like Covell Village are voted down, ergo prices for “affordable housing” or any other kind of housing go up. Second, more people does mean more traffic, everything else being equal. However, everything else is not equal in this case. Many people who work or go to school in Davis commute from neighboring cities five to 50 miles away. Covell Village would reduce total traffic by letting people live closer to work and shopping. Third, that the development would lead to more crime. This is incomprehensible. Covell Village is modeled after Village Homes, which has lower crime rates than the rest of Davis. Finally, the argument that infrastructure costs of the development would exceed its tax revenues is, at best, speculation. The development’s residents will certainly bring in more tax revenue than the frog tunnel.
I am not convinced that voters made their decisions based on which arguments they found most persuasive. My guess is that voters rejected Covell Village (60% to 40%) to maximize future price appreciation of their own homes. I bought a new home in Davis in 1994 for $230,000. It is now worth north of $700,000, due in part to the restrictions on new housing. I believe a substantial number of Davis liberals were voting to promote their own economic interests and rationalizing their vote with the standard slow-growth green arguments. As a result, many of the “Noon X” coalition’s stated goals are, in the big picture, negated. Traffic will increase as people drive farther to get to work or college classes in Davis. Housing developments in other communities will not be nearly as environmentally friendly as Covell Village would have been. But property values in Davis will continue to go up, and people forced to commute from afar to get to work or school will pay the price.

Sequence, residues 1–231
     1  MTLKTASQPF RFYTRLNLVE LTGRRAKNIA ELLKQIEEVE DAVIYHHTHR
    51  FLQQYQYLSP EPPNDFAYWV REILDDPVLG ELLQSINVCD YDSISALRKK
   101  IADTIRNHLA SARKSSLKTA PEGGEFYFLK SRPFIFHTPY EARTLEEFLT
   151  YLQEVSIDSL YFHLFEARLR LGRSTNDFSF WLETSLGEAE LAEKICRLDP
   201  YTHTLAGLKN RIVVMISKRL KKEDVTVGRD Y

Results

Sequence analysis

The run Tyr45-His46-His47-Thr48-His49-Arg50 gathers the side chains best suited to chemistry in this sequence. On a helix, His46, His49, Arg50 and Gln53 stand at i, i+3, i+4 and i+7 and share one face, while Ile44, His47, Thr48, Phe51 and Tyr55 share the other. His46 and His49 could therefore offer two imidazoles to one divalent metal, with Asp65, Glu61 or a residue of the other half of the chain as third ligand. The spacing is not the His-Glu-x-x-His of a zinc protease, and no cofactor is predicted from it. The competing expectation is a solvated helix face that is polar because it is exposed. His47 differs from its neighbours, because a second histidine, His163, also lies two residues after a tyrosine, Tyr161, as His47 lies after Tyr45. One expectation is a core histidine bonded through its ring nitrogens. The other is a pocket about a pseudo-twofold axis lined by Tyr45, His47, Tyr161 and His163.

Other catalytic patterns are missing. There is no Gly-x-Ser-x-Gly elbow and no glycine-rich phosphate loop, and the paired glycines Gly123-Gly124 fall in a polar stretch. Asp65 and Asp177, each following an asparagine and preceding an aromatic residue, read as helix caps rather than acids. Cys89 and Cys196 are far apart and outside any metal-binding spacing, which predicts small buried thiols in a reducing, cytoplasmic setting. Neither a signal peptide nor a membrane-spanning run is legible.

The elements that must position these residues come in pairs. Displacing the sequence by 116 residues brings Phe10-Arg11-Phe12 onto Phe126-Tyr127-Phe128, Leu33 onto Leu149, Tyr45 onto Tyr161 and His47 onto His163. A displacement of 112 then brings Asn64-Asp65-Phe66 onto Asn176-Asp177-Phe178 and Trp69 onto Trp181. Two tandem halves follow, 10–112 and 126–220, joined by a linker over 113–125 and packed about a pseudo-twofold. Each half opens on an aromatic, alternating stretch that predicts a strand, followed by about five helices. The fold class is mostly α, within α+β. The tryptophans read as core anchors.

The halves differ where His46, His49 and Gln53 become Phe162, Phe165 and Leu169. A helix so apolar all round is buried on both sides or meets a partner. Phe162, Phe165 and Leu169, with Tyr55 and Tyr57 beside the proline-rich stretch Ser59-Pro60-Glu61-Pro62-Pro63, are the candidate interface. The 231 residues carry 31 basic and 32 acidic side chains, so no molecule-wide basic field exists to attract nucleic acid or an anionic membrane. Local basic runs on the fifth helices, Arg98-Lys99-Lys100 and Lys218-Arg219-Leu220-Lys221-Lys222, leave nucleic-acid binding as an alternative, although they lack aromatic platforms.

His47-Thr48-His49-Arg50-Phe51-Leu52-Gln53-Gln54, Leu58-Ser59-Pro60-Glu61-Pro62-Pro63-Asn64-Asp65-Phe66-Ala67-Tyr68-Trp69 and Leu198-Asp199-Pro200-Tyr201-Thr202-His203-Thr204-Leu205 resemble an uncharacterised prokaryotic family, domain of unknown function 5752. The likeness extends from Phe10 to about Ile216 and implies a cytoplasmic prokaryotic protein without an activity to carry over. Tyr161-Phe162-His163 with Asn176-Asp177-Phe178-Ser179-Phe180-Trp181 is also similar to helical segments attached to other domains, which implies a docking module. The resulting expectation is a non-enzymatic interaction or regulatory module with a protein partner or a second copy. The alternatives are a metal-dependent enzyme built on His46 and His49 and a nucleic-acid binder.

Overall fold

This raises the subject of the proper limits on majority rule. As the old saw puts it, pure democracy is two wolves and a lamb voting on who should be dinner. At the other extreme, it is better·to elect our president than have a tyrant foisted upon us. The Bill of Rights is designed to limit what a majority can do, whether that means censoring speech, dictating religious beliefs, or forcing us to testify against our- selves in a criminal trial. It’s unfortunate that the Bill of Rights does not specifically limit majority assaults on property rights.